On a scale of one to five, how are your open source skills? If you picked a number below four, you might want to do something about it. According to the Linux Foundation's annual Open Source Jobs Report released on Wednesday, employment prospects for open source workers continues to rise.
Consider this: 86 percent of open source professionals believe that just knowing open source has advanced their careers, with 52 percent saying it would be easy to find another job. If that doesn't wet your whistle -- only 27 percent report not receiving a recruiting call in the past six months.
Open source skills have been in high demand for a number of years, as open source continues to displace proprietary software in both data centers and in development houses. Salaries for those with open source skills tend to be higher as well. Career website Dice's annual salary survey -- a separate survey from this -- indicates that Linux professionals command an annual salary of over $100,000 while other tech professionals take in an average of $92,000.
For the jobs report, the Linux Foundation and Dice partnered and in July surveyed more than 280 hiring managers from corporations, SMBs, government organizations and staffing agencies, the vast majority representing companies headquartered in North America. In addition, more than 1,800 open source professionals were surveyed, 77 percent of whom indicated three or more years spent working in open source.
According to the report, the positions employers are most seeking to fill are developer (73 percent), DevOps engineer (60 percent), and systems administrator (53 percent). The most in-demand skills are open source cloud (47 percent), application development (44 percent), big data (43 percent), DevOps (42 percent) and security (42 percent). Sixty percent of the companies surveyed said they're looking to take people on full time -- up from 53 percent last year -- and 67 percent of managers say the hiring of open source professionals will increase more than other areas of the business in the next six months.
Three major factors are pushing most companies' IT hiring plans, with company growth heading the list at 60 percent. After that, it's more open source specific, with 42 percent citing an increasing use of open source, followed by 30 percent who said that open source is becoming core to their IT needs. Interestingly, only 43 percent of hiring managers say the economy is encouraging them to take on more help, down from 57 percent in 2016. The report opines the later is potentially being caused by "rising global uncertainty."
The migration to the cloud, along with the rise of cloud-based architectures such as containers and microservices -- all areas dominated by open source -- are also a big part of the current tech job market. "Most enterprises are still in transition, making pros with skills in hybrid environments all the more valuable," the report's authors note. "Meanwhile, container technology is growing exponentially, indicating likely future shortages."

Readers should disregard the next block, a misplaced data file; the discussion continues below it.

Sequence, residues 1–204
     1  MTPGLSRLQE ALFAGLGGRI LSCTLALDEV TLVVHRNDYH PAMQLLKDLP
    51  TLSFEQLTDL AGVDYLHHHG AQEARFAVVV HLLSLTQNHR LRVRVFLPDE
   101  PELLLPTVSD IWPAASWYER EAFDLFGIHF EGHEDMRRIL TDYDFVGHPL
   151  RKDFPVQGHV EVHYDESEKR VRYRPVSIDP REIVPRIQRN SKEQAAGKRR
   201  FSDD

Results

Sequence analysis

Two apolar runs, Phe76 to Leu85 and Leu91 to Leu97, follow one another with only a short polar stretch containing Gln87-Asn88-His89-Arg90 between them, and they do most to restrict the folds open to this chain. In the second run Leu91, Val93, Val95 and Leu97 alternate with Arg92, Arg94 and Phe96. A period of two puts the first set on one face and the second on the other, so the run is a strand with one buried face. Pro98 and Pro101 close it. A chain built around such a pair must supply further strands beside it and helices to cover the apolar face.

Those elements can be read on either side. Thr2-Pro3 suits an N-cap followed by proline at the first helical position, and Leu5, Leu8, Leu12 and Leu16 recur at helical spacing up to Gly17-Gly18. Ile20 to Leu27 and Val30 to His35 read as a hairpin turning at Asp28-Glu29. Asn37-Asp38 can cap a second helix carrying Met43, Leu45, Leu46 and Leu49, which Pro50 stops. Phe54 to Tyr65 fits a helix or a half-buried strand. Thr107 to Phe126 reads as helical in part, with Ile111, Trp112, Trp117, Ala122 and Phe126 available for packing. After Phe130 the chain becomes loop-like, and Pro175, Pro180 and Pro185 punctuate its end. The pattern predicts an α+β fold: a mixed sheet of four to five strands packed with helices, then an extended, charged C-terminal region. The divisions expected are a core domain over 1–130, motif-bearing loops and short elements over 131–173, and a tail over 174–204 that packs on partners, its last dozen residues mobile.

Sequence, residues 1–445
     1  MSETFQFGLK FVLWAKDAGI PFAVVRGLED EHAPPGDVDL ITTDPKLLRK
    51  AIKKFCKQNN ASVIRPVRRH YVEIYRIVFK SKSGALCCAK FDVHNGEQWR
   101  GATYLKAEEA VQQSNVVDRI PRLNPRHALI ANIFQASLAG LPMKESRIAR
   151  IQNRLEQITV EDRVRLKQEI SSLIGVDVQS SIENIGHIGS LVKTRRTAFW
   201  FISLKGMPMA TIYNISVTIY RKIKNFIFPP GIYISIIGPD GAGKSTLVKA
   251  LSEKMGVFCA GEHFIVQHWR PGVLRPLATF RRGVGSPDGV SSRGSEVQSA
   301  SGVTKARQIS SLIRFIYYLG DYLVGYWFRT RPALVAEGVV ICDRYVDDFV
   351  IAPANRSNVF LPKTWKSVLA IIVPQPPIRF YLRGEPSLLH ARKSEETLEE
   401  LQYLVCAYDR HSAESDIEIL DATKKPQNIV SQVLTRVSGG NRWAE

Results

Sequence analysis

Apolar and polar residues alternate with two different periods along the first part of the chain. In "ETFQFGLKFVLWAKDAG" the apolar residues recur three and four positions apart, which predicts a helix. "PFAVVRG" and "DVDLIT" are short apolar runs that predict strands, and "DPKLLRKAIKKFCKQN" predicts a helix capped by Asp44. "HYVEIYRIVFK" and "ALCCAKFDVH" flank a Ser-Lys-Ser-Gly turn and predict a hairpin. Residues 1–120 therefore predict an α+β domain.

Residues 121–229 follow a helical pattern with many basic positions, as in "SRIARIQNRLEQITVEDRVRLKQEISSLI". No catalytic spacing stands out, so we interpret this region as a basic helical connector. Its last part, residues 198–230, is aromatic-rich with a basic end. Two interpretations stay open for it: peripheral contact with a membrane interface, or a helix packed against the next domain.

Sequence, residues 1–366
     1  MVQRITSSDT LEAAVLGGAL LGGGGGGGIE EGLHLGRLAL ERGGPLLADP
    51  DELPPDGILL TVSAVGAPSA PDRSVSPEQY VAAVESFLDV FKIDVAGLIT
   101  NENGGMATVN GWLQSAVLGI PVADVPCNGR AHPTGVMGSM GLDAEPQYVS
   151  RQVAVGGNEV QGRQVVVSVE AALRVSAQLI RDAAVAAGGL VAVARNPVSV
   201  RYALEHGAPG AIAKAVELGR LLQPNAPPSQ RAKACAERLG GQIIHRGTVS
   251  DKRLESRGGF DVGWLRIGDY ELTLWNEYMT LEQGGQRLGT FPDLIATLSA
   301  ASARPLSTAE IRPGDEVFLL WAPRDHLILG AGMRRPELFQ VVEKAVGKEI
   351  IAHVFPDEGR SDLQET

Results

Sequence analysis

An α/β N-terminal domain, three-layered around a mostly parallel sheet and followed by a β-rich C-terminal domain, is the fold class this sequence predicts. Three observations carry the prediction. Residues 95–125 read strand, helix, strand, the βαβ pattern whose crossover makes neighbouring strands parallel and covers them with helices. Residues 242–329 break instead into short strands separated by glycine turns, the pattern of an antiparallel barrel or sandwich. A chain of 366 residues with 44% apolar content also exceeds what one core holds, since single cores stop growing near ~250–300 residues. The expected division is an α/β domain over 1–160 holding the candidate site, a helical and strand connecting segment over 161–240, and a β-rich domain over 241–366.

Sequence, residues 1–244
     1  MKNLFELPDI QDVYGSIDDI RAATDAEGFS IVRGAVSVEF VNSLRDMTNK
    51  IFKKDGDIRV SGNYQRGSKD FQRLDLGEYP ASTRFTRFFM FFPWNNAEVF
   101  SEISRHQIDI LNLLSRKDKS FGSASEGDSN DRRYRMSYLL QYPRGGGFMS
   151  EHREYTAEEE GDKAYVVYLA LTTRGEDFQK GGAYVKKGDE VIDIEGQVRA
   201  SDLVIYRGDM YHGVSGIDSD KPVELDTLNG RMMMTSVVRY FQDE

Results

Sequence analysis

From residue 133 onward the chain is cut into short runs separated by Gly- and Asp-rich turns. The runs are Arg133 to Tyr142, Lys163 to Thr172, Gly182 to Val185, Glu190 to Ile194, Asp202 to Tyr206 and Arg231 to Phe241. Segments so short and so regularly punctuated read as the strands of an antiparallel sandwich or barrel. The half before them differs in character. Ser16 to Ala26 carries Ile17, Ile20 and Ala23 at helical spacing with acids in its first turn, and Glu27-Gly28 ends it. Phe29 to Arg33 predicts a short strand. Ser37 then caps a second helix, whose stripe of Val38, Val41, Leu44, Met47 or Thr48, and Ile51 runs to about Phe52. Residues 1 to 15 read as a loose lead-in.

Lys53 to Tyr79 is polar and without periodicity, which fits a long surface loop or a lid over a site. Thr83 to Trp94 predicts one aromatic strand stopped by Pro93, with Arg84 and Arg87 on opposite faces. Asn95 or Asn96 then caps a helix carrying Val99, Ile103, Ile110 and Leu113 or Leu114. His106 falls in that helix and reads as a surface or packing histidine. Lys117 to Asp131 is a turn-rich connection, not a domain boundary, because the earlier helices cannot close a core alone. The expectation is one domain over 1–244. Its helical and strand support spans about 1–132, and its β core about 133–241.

Cloud migration is also behind cloud technologies like OpenStack and Cloud Foundry being ranked as the "most sought-after area of expertise" according to 70 percent of the employers surveyed -- a number that's up from 66 percent last year. In second place is web technologies, with 67 percent of hiring managers expressing a need for those skills -- up from 62 percent last year. Demand for Linux skills is also high but has dropped a bit since last year -- from 71 percent down to 65 percent.
The report notes that among hiring managers the technologies most influencing hiring decisions are cloud (62 percent), application platforms (56 percent), and big data (53 percent); and the most in-demand open source skills are cloud/virtualization (60 percent), application development (59 percent), and DevOps (57 percent).
Employers are also increasingly seeking employees with open source certifications. Fifty percent of hiring managers said finding people with certifications is a priority, and an equal number indicated that a certified candidate has a better chance of getting a job than someone without certification -- a number that's up from 44 percent in 2016.
"And there’s been a big jump in companies willing to pay for employees to become certified," the report states. "Nearly half say they’re willing to pay, up from one-third a year ago. Only 21 percent say they definitely would not pay for certifications, down from 30 percent last year."
With data centers increasing their use of open source technologies, it's not surprising that a 77 percent majority of the tech professionals surveyed said the ability to architect solutions based on open source software topped the list of valuable skills. Also important: experience with open source development tools such as GitHub, and knowledge of new tools. The pros also predict that next year, employment opportunities will grow for those with skills in cloud technologies, big data and analytics, containers, and security.